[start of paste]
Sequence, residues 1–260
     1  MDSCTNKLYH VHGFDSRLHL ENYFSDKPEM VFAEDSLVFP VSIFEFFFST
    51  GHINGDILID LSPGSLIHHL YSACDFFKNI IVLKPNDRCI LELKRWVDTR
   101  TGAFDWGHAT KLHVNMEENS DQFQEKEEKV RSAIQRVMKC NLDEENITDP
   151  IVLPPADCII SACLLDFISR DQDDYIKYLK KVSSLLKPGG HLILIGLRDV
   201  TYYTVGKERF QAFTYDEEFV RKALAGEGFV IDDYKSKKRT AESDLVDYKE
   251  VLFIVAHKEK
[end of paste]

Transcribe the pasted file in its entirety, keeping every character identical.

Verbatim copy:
Sequence, residues 1–260
     1  MDSCTNKLYH VHGFDSRLHL ENYFSDKPEM VFAEDSLVFP VSIFEFFFST
    51  GHINGDILID LSPGSLIHHL YSACDFFKNI IVLKPNDRCI LELKRWVDTR
   101  TGAFDWGHAT KLHVNMEENS DQFQEKEEKV RSAIQRVMKC NLDEENITDP
   151  IVLPPADCII SACLLDFISR DQDDYIKYLK KVSSLLKPGG HLILIGLRDV
   201  TYYTVGKERF QAFTYDEEFV RKALAGEGFV IDDYKSKKRT AESDLVDYKE
   251  VLFIVAHKEK